WASHINGTON, D.C. – Independent Women’s Law Center (IWLC) recently filed an amicus brief in support of female student athletes in the U.S. Court of Appeals for the Ninth Circuit. The case, Doe v. Horne, involves a challenge to Arizona’s Save Women’s Sports Act, A.R.S. § 15-120.02, which protects the female category in sport.  

A lower federal court enjoined the state statute, holding that keeping males who identify as girls from competing in women’s sports violates Title IX. But Title IX was passed in 1972 to expand opportunities for women and girls, not limit them. And  schools cannot possibly fulfill their statutory duty to provide equal athletic opportunities to male and female students if they must open female teams to males.

Jennifer C. Braceras, director of Independent Women’s Law Center, said: “Competitive sport is a zero-sum game where some athletes make the cut, and others do not. The lower court’s ruling completely ignores the reality that every time a coach offers a spot on the team to a biological male, a female loses a roster spot. Others will lose playing time. This isn’t fair. It’s discriminatory, and it violates the very statute (Title IX) that the lower court claims requires these results.”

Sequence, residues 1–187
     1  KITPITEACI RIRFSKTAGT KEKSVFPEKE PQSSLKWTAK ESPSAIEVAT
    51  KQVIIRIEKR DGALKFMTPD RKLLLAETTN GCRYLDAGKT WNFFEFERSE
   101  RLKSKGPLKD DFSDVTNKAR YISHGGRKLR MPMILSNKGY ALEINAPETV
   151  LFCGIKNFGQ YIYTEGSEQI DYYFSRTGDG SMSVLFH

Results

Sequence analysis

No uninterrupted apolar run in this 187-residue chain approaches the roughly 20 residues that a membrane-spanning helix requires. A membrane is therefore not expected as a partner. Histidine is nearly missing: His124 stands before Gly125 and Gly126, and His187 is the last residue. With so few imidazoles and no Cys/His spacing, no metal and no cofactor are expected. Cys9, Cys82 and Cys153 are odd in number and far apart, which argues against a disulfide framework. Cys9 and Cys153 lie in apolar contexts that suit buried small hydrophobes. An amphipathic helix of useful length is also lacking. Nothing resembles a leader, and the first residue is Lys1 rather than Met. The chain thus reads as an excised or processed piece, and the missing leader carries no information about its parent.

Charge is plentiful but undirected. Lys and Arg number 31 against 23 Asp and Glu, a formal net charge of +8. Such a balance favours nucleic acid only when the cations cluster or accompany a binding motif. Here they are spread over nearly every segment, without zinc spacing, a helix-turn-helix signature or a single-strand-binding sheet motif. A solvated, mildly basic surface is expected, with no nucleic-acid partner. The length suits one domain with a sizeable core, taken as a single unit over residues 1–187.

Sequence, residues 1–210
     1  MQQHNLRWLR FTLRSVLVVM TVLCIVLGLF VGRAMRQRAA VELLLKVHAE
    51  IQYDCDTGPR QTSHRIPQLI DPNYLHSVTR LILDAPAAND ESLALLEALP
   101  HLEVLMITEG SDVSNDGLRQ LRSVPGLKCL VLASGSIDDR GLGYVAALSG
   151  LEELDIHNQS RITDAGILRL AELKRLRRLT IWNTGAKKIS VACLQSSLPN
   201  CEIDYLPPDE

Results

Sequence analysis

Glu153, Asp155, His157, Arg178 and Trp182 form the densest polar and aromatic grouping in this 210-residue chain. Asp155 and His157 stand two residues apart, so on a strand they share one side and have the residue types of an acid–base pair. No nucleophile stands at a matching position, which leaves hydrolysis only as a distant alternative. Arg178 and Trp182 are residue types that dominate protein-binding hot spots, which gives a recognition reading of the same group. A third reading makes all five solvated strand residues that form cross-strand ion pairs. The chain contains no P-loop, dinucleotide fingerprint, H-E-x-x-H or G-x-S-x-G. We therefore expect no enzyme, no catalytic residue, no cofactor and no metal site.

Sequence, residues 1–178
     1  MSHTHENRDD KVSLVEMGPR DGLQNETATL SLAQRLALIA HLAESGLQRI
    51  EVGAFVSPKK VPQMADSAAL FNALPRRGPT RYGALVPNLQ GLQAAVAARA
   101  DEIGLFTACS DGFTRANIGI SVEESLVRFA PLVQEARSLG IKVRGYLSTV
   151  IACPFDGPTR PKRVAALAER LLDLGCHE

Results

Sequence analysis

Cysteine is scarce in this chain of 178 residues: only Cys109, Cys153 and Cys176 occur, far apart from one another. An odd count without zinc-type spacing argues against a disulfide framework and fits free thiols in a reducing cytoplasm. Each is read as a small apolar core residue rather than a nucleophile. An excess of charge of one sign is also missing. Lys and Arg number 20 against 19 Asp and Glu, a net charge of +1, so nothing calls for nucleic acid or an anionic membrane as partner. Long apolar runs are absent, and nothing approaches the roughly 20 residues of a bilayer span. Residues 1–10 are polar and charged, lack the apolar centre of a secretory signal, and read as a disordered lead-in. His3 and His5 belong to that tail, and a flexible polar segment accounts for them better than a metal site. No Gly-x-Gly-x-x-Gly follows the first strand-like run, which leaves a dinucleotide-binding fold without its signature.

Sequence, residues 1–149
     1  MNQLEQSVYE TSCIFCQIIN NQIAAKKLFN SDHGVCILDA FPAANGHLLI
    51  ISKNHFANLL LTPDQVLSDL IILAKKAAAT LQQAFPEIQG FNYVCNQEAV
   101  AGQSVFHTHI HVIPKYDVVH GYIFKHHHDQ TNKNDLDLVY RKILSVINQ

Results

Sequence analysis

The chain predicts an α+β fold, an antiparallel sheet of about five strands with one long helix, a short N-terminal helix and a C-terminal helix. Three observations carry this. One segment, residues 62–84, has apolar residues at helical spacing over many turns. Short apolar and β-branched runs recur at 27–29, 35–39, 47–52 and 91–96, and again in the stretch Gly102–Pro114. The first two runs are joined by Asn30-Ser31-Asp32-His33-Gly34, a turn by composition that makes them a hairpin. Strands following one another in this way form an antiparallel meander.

Riley Gaines, Stand with Women spokeswoman at Independent Women’s Forum and 12x NCAA All-American swimmer, said: “I saw firsthand what happens when we don’t protect women’s sports. As a female athlete, I’m grateful and proud to stand with the Independent Women’s Law Center in fighting to save women’s sports in Arizona and across the country.” 

Paula Scanlan, Stand With Women spokeswoman at Independent Women’s Forum and former NCAA swimmer and ex-teammate of Lia Thomas, said, “There can be no equality in sport without protected female categories. The Arizona Save Women’s Sports Act fortifies Title IX by explicitly protecting those categories. It should be upheld.”

Payton McNabb, junior spokeswoman for Independent Women’s Forum and former high school volleyball player who was severely injured by a male player on an opposing women’s team, said, “Arizona’s law will ensure no other girl is subjected to serious injury by a male player in her sport like I was. Allowing even a single biological male to compete on a women’s team or in a women’s event is unsafe for women and girls.”

The brief can be found HERE



Independent Women’s Law Center advocates for equal opportunity, individual liberty, and the continued legal relevance of biological sex.


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